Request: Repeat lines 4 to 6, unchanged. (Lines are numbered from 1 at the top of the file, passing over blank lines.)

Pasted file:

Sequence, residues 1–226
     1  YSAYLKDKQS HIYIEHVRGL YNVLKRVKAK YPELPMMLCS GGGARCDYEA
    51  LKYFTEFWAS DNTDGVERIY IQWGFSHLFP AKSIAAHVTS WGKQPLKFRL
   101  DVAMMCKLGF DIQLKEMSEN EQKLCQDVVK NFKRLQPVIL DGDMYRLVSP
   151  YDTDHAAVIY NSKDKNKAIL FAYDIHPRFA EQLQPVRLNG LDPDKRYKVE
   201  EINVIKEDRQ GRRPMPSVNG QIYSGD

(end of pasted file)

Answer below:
   101  DVAMMCKLGF DIQLKEMSEN EQKLCQDVVK NFKRLQPVIL DGDMYRLVSP
   151  YDTDHAAVIY NSKDKNKAIL FAYDIHPRFA EQLQPVRLNG LDPDKRYKVE
   201  EINVIKEDRQ GRRPMPSVNG QIYSGD